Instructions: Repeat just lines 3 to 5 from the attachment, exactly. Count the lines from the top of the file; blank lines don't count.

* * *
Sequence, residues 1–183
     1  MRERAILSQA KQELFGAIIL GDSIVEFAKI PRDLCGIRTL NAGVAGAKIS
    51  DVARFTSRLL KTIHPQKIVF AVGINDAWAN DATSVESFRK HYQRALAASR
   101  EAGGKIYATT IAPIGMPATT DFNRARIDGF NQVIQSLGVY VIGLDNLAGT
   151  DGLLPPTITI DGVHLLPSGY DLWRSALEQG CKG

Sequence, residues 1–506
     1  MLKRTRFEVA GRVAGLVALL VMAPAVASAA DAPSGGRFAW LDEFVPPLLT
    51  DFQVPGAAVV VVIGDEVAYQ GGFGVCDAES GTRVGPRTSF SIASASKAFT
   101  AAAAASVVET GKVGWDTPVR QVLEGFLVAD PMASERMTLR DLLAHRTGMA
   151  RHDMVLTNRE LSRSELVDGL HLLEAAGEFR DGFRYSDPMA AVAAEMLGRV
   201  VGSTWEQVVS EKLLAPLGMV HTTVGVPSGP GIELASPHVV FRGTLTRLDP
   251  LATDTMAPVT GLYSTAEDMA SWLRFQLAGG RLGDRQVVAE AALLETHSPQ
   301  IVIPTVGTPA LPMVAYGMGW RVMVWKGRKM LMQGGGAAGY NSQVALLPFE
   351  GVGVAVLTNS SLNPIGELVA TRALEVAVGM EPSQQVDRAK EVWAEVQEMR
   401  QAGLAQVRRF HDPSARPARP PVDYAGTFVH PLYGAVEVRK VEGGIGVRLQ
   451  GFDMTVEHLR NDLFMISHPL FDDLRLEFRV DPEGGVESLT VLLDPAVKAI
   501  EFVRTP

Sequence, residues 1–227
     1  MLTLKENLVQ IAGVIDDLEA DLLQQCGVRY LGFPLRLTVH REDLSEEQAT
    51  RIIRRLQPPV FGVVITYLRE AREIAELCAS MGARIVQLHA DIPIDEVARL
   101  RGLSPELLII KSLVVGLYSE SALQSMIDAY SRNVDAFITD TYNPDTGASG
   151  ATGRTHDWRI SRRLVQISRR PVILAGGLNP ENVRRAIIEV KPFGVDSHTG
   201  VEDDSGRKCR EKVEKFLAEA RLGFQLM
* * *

    51  DVARFTSRLL KTIHPQKIVF AVGINDAWAN DATSVESFRK HYQRALAASR
   101  EAGGKIYATT IAPIGMPATT DFNRARIDGF NQVIQSLGVY VIGLDNLAGT
   151  DGLLPPTITI DGVHLLPSGY DLWRSALEQG CKG